Battle of Fort Erie (1866)
|Battle of Fort Erie|
|Part of Fenian Raids|
A Canadian map of the raid.
|Fenian Brotherhood||Province of Canada|
|Commanders and leaders|
|John O'Neill||John Stoughton Dennis|
|400 (estimate)||79 (5000 later)|
|Casualties and losses|
3-4 dead; 16 wounded|
The Battle of Fort Erie was a surrounding and forcing of the Fenian armies surrender following a skirmish near Fort Erie and the farther away Battle of Ridgeway on June 2, 1866. The Fenian force, withdrawing from Ridgeway, met a small force of Canadian militia at Fort Erie, then known as the village of Waterloo.
In response to the Fenian occupation of the township of Fort Erie, Ontario on the night of June 1, 1866, militia units throughout the Niagara Peninsula had been mobilized or put on alert. At Port Colborne, a detachment of 51 gunners and N.C.O.s, British Royal Artillery bombardier Sergeant James McCracken and 3 officers (Captain Richard S. King M.D., Lieutenants A.K. Schofield and Charles Nimmo [Nemmo]) taken under command by Lieutenant-Colonel John Dennis, boarded a tugboat, the W.T. Robb carrying the Dunnville Naval Brigade, consisting of 19 men and 3 officers (Captain Lachlan McCallum, Lieutenant Walter T. Robb, Second Lieutenant Angus Macdonald) (a total of 71 men and 8 officers) and steamed east to the Niagara River, then scouted downriver as far as Black Creek. The Welland Field Battery did not have its four Armstrong guns with it, and only half were armed with Enfield muzzle-loading rifles, with the other half armed with obsolete smooth-bore "Victoria" carbines that had a limited range of approximately 300 yards at best.
Thinking the Fenians were gone, Canadian volunteers turned back upriver to secure the village of Fort Erie and deny them an escape route. A company of the Welland Field Battery landed without difficulty, capturing around 59 of the Fenian movements soldiers. But when John O'Neill returned with most of his large army from the nearby Ridgeway, the small number of Canadian volunteers that were sent to capture a small numbers of Fenian soldiers were not prepared. A firefight followed, in which the militia and sailors were outnumbered by Fenian soldiers causing most of the Canadian volunteers to surrender. The remaining Canadian volunteers on the gunboat went back to Port Colborne to inform of the situation while O'Neill the Fenian soldiers stayed in Fort Erie. Later, an estimated 5,000 Canadian militia reinforcements informed of the situation came and surrounded the Fenian movement’s army in Fort Erie. Causing O'Neill to retreat back to New York State. Some Fenians chose to desert, crossing the river on a variety of stolen or improvised craft. The remainder, 850 in number, crossed in a body and surrendered to a U.S. naval party from the USS Michigan near Buffalo, putting an end to Fenian incursions along the Niagara Peninsula.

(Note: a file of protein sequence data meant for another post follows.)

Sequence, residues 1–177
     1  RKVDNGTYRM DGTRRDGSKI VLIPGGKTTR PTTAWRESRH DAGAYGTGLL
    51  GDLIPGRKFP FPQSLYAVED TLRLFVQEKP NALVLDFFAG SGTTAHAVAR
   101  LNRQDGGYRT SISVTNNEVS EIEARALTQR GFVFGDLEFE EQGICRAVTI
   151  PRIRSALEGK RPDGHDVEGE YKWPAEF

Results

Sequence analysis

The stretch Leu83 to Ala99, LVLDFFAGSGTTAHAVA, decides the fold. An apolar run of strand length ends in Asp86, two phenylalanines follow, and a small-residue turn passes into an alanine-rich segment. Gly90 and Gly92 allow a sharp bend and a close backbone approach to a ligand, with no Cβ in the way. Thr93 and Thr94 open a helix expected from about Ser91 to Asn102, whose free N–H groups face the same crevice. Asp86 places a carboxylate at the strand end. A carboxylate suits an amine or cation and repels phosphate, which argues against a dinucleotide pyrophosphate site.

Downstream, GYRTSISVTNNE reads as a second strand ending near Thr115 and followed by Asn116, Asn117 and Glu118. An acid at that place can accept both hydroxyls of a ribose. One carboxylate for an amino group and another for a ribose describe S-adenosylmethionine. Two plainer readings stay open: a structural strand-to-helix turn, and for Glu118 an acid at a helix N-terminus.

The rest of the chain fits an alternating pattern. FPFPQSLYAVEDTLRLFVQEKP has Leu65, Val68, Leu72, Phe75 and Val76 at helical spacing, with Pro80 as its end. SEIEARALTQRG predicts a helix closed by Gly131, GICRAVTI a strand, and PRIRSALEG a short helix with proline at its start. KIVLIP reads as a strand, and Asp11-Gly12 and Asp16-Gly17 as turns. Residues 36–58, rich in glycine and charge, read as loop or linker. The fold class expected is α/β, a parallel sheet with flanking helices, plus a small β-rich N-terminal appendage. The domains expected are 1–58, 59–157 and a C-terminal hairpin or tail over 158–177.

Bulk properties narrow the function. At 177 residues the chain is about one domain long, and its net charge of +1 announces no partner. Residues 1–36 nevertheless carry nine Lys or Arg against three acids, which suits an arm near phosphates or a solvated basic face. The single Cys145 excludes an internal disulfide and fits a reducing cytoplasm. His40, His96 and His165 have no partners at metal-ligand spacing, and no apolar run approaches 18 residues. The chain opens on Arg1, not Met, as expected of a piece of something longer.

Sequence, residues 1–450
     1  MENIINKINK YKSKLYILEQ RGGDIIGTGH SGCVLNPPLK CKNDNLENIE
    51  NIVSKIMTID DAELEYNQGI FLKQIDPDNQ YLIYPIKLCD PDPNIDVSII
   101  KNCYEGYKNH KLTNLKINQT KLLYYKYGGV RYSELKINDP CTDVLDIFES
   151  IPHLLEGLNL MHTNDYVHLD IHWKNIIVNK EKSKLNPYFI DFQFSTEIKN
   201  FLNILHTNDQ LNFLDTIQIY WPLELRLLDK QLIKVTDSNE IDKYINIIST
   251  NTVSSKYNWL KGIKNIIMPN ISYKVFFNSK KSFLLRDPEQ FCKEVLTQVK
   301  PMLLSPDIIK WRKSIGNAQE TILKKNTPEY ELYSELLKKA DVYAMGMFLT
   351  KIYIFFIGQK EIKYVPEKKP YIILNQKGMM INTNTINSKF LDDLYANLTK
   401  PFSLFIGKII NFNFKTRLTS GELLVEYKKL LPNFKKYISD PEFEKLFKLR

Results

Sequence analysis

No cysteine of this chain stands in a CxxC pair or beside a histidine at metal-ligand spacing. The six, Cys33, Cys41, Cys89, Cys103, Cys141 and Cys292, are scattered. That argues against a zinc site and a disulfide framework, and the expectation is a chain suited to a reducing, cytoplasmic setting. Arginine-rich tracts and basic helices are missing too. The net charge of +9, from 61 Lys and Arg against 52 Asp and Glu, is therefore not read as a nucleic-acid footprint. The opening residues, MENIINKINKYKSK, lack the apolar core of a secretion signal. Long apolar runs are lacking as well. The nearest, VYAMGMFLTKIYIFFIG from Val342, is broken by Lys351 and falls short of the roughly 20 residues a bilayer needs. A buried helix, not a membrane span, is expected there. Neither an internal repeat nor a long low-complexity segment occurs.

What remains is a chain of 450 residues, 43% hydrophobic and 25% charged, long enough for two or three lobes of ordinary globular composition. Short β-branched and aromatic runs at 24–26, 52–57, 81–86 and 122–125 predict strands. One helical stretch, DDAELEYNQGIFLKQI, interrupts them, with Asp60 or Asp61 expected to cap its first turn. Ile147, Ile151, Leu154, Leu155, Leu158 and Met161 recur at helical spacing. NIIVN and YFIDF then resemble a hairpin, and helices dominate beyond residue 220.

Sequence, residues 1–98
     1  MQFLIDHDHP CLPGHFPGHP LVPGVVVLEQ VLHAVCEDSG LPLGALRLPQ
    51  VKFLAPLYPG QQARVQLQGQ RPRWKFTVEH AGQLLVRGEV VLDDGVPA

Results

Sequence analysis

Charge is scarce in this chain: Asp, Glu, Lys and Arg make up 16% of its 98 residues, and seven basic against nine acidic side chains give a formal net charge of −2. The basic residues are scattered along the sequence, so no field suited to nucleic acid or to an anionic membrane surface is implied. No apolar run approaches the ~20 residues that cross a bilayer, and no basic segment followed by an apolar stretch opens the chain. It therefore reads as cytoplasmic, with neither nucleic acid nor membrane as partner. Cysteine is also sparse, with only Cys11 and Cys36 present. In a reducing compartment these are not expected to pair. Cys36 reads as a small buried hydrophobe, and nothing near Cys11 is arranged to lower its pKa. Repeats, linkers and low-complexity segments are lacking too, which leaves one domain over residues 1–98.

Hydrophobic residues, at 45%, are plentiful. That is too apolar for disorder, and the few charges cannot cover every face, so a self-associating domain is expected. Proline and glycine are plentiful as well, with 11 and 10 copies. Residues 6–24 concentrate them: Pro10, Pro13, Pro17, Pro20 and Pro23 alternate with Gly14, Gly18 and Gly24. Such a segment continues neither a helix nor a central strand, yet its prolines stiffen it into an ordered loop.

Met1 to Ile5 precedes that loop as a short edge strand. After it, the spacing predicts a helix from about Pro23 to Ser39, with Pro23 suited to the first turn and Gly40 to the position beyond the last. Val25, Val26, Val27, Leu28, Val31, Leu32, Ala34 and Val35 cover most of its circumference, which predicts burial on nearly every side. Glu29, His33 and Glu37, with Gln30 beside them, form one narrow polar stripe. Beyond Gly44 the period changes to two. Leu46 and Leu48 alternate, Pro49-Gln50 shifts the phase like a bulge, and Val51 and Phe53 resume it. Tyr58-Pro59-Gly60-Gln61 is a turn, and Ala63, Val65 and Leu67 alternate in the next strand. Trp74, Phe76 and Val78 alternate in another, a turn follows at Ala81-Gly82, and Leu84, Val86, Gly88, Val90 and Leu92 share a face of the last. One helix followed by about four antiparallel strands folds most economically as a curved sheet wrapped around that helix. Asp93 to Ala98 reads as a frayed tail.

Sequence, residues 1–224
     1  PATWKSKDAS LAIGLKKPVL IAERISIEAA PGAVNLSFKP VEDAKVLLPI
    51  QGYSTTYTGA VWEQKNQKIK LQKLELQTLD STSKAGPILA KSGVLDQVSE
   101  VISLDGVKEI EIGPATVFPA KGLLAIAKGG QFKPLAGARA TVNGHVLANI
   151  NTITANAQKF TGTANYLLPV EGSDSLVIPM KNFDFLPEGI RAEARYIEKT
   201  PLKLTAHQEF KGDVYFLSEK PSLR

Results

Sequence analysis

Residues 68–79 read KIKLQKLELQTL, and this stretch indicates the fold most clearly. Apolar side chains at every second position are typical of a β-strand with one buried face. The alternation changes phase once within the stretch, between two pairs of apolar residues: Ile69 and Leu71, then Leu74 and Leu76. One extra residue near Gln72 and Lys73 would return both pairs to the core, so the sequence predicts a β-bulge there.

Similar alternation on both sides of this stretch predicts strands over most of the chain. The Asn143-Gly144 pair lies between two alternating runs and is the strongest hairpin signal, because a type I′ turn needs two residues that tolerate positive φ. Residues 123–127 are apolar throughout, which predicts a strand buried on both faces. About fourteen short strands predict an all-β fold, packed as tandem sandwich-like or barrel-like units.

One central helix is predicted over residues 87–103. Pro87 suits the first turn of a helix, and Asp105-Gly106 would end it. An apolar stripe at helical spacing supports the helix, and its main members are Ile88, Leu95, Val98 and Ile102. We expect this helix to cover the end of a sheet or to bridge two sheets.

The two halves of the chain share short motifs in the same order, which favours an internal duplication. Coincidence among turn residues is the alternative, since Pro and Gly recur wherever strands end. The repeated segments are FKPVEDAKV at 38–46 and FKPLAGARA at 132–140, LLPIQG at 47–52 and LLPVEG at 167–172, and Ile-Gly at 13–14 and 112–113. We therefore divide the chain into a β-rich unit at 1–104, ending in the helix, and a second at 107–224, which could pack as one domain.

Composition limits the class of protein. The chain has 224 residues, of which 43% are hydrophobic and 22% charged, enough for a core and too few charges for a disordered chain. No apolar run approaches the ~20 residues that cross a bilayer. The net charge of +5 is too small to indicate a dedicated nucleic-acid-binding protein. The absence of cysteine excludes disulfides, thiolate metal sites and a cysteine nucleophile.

- Peter Vronsky, Ridgeway: The American Fenian Invasion and the 1866 Battle That Made Canada, Toronto: Penguin-Allen Lane Books, 2011. pp. 171-172
- For the figure of 850, see: H.W. Hemans to Lord Monck, telegram June 3, 1866, in [s.n.] Correspondence Relating to the Fenian Invasion and Rebellion of the Southern States, Ottawa: 1869. p. 142; also Colonel Lowry, Report, June 4, 1866, Miscellaneous Records Relating to the Fenian Raids, British Military and Naval Records "C" Series, RG8-1, Volume 1672; Microfilm reel C-4300, p. 282. (Public Archives of Canada)
- Docker, John Thornley (2003). Dunnville heroes: the W.T. Robb and the Dunnville Naval Brigade in the 1866 Fenian invasion. Dunnville, ON: Dunnville District Heritage Association. ISBN 978-0-9688173-1-5. OCLC 52197172.
- Vronsky, Peter Ridgeway: The American Fenian Invasion and the 1866 Battle That Made Canada., Toronto: Penguin Canada-Allen Lane, 2011.
- Ridgeway: The American Fenian Invasion and the 1866 Battle That Made Canada, Peter Vronsky